Frances Willard House Museum discusses relationship between Willard and Ida B. Wells

Lori+Osborne%2C+the+Frances+Willard+House+Museum+director%2C+speaks+to+a+crowded+room+Thursday.+She+introduced+the+digital+exhibit+%E2%80%9CTruth+Telling%3A+Frances+Willard+and+Ida+B.+Wells%2C%E2%80%9D+which+reflects+on+the+conflict+between+the+two+historical+figures.+
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Frances Willard House Museum discusses relationship between Willard and Ida B. Wells

Lori Osborne, the Frances Willard House Museum director, speaks to a crowded room Thursday. She introduced the digital exhibit “Truth Telling: Frances Willard and Ida B. Wells,” which reflects on the conflict between the two historical figures.

Lori Osborne, the Frances Willard House Museum director, speaks to a crowded room Thursday. She introduced the digital exhibit “Truth Telling: Frances Willard and Ida B. Wells,” which reflects on the conflict between the two historical figures.

Evan Robinson-Johnson/Daily Senior Staffer

Lori Osborne, the Frances Willard House Museum director, speaks to a crowded room Thursday. She introduced the digital exhibit “Truth Telling: Frances Willard and Ida B. Wells,” which reflects on the conflict between the two historical figures.

Evan Robinson-Johnson/Daily Senior Staffer

Evan Robinson-Johnson/Daily Senior Staffer

Lori Osborne, the Frances Willard House Museum director, speaks to a crowded room Thursday. She introduced the digital exhibit “Truth Telling: Frances Willard and Ida B. Wells,” which reflects on the conflict between the two historical figures.

Molly Lubbers, Reporter

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The question of how to not just “display” but “dismantle” the United States’ racist past was key to a new digital exhibit about Frances Willard and Ida B. Wells. Lori Osborne, the director of the Frances Willard House Museum, said during a discussion on Thursday.

In a crowded room in the museum, Ella Wagner, the digital curator of the exhibit, spoke about the history between Willard, who was president of the Woman’s Christian Temperance Union, and Wells, a journalist and anti-lynching activist, in the late 19th century. Osborne introduced the project and its goals.

“We believe that the significant work that the (Woman’s Christian Temperance Union) did under (Willard’s) leadership and beyond to grow women as leaders is still critical to telling the full story of our nation’s history,” Osborne said. “But we also believe the telling of her failures as a leader is important as well.”

In 1890, Willard made racist remarks about African Americans to a newspaper. Four years later, Wells republished the newspaper interview to draw attention to Willard’s statements and pressure her to speak out against lynching.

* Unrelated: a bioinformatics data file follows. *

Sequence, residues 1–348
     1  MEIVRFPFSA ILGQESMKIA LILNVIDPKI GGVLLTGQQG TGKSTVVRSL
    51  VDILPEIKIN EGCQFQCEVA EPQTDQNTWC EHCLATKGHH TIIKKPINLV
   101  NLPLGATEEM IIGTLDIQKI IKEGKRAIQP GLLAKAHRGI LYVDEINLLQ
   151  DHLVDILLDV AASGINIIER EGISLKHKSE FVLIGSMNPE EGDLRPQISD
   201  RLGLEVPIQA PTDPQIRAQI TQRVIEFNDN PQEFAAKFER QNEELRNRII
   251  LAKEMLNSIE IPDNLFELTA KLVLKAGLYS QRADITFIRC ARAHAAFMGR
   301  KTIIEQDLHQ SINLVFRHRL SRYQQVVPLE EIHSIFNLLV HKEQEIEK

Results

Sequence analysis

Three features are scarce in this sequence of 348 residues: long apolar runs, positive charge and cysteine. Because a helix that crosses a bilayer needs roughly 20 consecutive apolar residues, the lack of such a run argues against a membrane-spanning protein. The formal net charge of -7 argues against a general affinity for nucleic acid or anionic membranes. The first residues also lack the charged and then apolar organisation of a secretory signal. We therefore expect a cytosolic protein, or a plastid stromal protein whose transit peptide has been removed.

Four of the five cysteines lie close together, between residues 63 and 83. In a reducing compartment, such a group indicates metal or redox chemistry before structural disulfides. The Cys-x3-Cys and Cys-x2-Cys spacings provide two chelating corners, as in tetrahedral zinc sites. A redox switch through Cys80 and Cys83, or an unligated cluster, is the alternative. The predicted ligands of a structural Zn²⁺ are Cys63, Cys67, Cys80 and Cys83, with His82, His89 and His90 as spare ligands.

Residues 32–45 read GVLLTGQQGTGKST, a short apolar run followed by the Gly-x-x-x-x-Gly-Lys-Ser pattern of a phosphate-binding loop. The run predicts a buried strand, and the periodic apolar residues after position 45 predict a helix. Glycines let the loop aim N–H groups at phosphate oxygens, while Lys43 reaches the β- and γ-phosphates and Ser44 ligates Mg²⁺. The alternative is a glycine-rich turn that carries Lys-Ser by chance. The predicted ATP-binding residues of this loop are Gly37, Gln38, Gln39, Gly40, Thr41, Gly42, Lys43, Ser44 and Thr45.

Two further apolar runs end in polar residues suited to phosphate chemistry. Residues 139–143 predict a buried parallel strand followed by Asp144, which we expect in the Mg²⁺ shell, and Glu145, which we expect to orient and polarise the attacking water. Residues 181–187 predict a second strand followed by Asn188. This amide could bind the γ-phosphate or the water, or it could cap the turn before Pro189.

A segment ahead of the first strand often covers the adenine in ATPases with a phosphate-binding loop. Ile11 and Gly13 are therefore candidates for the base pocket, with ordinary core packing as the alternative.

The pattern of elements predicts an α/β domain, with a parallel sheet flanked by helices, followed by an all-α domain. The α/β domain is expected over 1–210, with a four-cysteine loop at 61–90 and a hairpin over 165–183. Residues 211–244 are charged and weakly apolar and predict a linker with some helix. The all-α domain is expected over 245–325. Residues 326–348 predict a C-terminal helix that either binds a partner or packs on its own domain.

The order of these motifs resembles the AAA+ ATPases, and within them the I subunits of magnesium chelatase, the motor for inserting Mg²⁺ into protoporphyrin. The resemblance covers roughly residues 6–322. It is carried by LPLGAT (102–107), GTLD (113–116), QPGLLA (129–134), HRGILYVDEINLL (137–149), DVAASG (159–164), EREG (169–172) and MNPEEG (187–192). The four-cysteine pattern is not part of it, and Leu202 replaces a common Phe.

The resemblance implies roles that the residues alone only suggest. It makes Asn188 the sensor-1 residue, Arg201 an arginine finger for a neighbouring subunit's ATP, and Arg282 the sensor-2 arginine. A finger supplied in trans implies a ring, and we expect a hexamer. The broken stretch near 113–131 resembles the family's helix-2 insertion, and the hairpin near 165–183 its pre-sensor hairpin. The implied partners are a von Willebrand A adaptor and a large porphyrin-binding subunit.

“Willard could not see that her failure to directly express support for the anti-lynching movement and her use of demeaning and incendiary words to describe African Americans was morally wrong, potentially harmful, and even life-threatening,” Osborne said. “Ida B. Wells would not let Willard remain in a lofty position of power and influence while acting and speaking in such a way.”

To emphasize this history, the museum launched the exhibit “Truth Telling: Frances Willard and Ida B. Wells” in a new website in March. The project began more than two years ago, when Wagner and a group of other Loyola University Chicago graduate students partnered with the museum to research the topic and create a prototype. Wagner was then hired to further curate the history.

Now, the website features a timeline, essential context and interpretative essays.Wagner said a major part of the resource was incorporating primary documents in an engaging way.

“Some of the (primary documents) are quite long and fairly dense, but we did decide to feature them really heavily because so much of this played out in through the written word, through interviews and speeches that were reported on, and letters to the editor,” Wagner said. “A lot of it was through that medium.”

Wagner showed the audience these features and how to use the website to explore more about the history.

Though Evanston resident Barbara Ellson said she had known about the conflict between Wells and Willard, she hadn’t seen the digital exhibit. After the event, she said she was going to use the website to learn more about the history.

“It’ll be interesting to read more about it and what people were saying at the time,” Ellson said.

The event ended with audience members asking Wagner questions about the project. Evanston resident Joaquin Stephenson asked about her personal experience with collecting this history.

“I’m a white woman,” Wagner said. “I can’t say that wasn’t part of my interest in this project: to sort of get a better understanding of how white women who think of themselves as liberals and reformers have managed to nonetheless perpetuate racism.”

Vickie Burke, chair of the Museum Council, also said that examining this history involved grappling with hard issues. She added that everyone involved felt a personal impact while working on the project.

Stephenson said he appreciated the work put into the project.

“It’s incredible research that has been put into action, for the community to be able to access and to tell the story of Willard and Ida B. Wells,” he said. “I know that for myself, I never knew of the conflict, so I think it’s exploring history in a way that’s also accessible online for users of the 20th century.”

Email: mollylubbers2023@u.northwestern.edu

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